You insist upon forsaking this place where you have lived.

After the shower at Bashang

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Wen Tingyun
TO A FRIEND BOUND EAST
The old fort brims with yellow leaves….
You insist upon forsaking this place where you have lived.
A high wind blows at Hanyang Ferry
And sunrise lights the summit of Yingmen….
Who will be left for me along the upper Yangzi
After your solitary skiff has entered the end of the sky?
I ask you over and over when we shall meet again,
While we soften with winecups this ache of farewell.


Ma Dai
AN AUTUMN COTTAGE AT BASHANG
After the shower at Bashang,
I see an evening line of wildgeese,
The limp-hanging leaves of a foreign tree,
A lantern’s cold gleam, lonely in the night,
An empty garden, white with dew,
The ruined wall of a neighbouring monastery.
…I have taken my ease here long enough.
What am I waiting for, I wonder.


Ma Dai
THOUGHTS OF OLD TIME
ON THE CHU RIVER
A cold light shines on the gathering dew,
As sunset fades beyond the southern mountains;
Trees echo with monkeys on the banks of Lake Dongting,
Where somebody is moving in an orchid-wood boat.
Marsh-lands are swollen wide with the moon,
While torrents are bent to the mountains’ will;
And the vanished Queens of the Clouds leave me
Sad with autumn all night long.


The border is open to travel again;
And Tartars can no more choose than rivers:
They are running, all of them, toward the south.


Cui Tu

ON NEW YEAR’S EVE
Farther and farther from the three Ba Roads,
I have come three thousand miles, anxious and watchful,
Through pale snow-patches in the jagged nightmountains —
A stranger with a lonely lantern shaken in the wind.
…Separation from my kin
Binds me closer to my servants —
Yet how I dread, so far adrift,
New Year’s Day, tomorrow morning!

Heart’s fragrance is spent with the ending of spring

To live as pure a life as yours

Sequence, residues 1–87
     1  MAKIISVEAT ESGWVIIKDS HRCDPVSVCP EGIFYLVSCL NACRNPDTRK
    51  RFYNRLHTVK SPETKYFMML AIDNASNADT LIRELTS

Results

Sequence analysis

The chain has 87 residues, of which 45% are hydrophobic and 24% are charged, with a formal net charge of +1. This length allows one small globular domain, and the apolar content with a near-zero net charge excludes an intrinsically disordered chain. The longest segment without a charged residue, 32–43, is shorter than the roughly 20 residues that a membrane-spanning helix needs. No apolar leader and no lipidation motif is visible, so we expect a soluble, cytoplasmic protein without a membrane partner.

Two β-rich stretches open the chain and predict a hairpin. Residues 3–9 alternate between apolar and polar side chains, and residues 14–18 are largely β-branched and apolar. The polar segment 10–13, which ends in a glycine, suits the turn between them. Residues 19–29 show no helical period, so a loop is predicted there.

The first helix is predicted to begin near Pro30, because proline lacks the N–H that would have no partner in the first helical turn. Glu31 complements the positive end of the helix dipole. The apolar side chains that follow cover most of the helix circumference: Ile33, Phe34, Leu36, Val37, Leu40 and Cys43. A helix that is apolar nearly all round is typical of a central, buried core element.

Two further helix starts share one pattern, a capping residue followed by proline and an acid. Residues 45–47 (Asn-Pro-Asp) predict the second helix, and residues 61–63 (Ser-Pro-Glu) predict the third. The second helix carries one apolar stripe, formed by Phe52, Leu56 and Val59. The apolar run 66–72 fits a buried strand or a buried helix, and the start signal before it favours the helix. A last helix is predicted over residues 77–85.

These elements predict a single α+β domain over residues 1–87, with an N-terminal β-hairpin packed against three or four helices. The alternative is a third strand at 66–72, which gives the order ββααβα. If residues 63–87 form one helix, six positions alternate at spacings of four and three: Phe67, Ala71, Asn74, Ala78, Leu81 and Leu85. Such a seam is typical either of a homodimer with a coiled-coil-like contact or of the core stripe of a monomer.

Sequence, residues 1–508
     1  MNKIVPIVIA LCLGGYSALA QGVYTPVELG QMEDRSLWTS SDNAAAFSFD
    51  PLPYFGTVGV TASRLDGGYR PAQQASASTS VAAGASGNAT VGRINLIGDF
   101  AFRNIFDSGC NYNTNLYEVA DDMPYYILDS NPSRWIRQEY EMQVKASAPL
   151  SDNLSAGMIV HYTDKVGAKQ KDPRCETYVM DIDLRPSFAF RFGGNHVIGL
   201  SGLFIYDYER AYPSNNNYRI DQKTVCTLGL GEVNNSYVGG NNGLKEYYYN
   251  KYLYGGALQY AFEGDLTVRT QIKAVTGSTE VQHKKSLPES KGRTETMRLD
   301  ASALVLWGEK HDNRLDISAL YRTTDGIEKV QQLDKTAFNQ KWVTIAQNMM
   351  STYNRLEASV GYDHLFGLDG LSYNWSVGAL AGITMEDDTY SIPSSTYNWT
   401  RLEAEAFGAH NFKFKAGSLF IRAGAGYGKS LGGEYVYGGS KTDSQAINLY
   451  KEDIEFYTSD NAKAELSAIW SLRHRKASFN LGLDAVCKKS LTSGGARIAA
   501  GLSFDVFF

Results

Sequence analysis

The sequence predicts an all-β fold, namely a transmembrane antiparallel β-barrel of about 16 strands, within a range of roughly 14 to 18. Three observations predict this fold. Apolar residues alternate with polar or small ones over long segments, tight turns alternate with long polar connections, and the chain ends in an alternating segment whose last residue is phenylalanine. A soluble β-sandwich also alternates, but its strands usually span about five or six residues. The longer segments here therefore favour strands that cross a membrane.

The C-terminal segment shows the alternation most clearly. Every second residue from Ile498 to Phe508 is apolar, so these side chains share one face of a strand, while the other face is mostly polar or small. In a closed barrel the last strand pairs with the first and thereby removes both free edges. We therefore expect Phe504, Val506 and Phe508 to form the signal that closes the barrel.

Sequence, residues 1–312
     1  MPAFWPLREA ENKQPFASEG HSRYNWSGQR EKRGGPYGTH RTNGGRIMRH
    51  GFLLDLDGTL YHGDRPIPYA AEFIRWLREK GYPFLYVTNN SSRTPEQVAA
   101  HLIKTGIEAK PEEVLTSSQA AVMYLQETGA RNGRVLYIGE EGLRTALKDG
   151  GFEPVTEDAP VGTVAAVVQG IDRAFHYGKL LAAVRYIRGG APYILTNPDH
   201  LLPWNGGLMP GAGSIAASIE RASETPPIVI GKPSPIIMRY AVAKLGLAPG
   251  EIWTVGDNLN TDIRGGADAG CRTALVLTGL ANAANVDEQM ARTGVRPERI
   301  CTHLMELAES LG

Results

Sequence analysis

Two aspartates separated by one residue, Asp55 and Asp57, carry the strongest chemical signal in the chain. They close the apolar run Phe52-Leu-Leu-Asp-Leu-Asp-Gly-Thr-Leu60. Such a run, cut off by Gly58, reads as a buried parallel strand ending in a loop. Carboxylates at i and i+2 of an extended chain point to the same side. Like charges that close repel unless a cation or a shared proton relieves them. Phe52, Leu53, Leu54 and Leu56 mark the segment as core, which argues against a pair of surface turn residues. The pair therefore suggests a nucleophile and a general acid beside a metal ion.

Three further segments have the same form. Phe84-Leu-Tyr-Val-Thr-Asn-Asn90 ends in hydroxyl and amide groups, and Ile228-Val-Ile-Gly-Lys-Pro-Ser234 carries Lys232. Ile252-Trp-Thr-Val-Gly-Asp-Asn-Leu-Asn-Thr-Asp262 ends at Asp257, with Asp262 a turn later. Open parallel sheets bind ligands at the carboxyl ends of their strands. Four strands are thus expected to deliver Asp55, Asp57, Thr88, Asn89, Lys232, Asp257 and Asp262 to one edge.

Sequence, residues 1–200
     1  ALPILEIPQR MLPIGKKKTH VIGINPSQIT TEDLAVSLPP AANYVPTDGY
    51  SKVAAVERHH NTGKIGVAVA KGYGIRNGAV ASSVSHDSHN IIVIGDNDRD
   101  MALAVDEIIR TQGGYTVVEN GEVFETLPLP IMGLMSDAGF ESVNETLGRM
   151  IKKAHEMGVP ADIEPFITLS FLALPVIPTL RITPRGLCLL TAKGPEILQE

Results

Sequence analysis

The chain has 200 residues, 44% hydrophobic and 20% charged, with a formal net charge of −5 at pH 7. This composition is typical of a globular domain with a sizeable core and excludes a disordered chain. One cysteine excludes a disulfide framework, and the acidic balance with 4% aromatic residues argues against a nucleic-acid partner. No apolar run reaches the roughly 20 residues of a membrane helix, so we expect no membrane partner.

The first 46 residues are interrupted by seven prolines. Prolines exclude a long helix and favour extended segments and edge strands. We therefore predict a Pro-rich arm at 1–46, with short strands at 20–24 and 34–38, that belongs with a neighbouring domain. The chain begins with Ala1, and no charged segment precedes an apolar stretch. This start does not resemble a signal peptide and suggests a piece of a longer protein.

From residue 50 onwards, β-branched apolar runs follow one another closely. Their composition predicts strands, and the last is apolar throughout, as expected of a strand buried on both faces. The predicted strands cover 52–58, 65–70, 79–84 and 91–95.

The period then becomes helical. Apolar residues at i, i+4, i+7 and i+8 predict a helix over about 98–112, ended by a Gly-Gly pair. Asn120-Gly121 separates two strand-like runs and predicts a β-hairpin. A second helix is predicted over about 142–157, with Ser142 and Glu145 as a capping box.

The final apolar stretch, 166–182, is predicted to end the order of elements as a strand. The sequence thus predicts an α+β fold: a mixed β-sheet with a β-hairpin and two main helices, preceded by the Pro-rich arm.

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Li Shangyin
A CICADA
Pure of heart and therefore hungry,
All night long you have sung in vain —
Oh, this final broken indrawn breath
Among the green indifferent trees!
Yes, I have gone like a piece of driftwood,
I have let my garden fill with weeds….
I bless you for your true advice
To live as pure a life as yours.


Li Shangyin
WIND AND RAIN
I ponder on the poem of The Precious Dagger.
My road has wound through many years.
…Now yellow leaves are shaken with a gale;
Yet piping and fiddling keep the Blue Houses merry.
On the surface, I seem to be glad of new people;
But doomed to leave old friends behind me,
I cry out from my heart for Xinfeng wine
To melt away my thousand woes.


Li Shangyin
FALLING PETALS
Gone is the guest from the Chamber of Rank,
And petals, confused in my little garden,
Zigzagging down my crooked path,
Escort like dancers the setting sun.
Oh, how can I bear to sweep them away?
To a sad-eyed watcher they never return.
Heart’s fragrance is spent with the ending of spring
And nothing left but a tear-stained robe.


Li Shangyin
THOUGHTS IN THE COLD
You are gone. The river is high at my door.
Cicadas are mute on dew-laden boughs.
This is a moment when thoughts enter deep.
I stand alone for a long while.
…The North Star is nearer to me now than spring,
And couriers from your southland never arrive —
Yet I doubt my dream on the far horizon
That you have found another friend.


Li Shangyin
NORTH AMONG GREEN VINES
Where the sun has entered the western hills,
I look for a monk in his little straw hut;
But only the fallen leaves are at home,
And I turn through chilling levels of cloud
I hear a stone gong in the dusk,
I lean full-weight on my slender staff
How within this world, within this grain of dust,
Can there be any room for the passions of men?


Wen Tingyun
TO A FRIEND BOUND EAST
The old fort brims with yellow leaves….
You insist upon forsaking this place where you have lived.
A high wind blows at Hanyang Ferry
And sunrise lights the summit of Yingmen….
Who will be left for me along the upper Yangzi
After your solitary skiff has entered the end of the sky?
I ask you over and over when we shall meet again,
While we soften with winecups this ache of farewell.


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Cloud-rifts are blowing toward Great Flower Mountain,

Boundless grasses over the plain

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Zhang Ji
THINKING OF A FRIEND LOST
IN THE TIBETAN WAR
Last year you went with your troops to Tibet;
And when your men had vanished beyond the citywall,
News was cut off between the two worlds
As between the living and the dead.
No one has come upon a faithful horse guarding
A crumpled tent or torn flag, or any trace of you.
If only I knew, I might serve you in the temple,
Instead of these tears toward the far sky.


Bai Juyi
GRASSES
Boundless grasses over the plain
Come and go with every season;
Wildfire never quite consumes them —
They are tall once more in the spring wind.
Sweet they press on the old high- road
And reach the crumbling city-gate….
O Prince of Friends, you are gone again….
I hear them sighing after you.


Du Mu
A NIGHT AT A TAVERN
Solitary at the tavern,
I am shut in with loneliness and grief.
Under the cold lamp, I brood on the past;
I am kept awake by a lost wildgoose.
…Roused at dawn from a misty dream,
I read, a year late, news from home —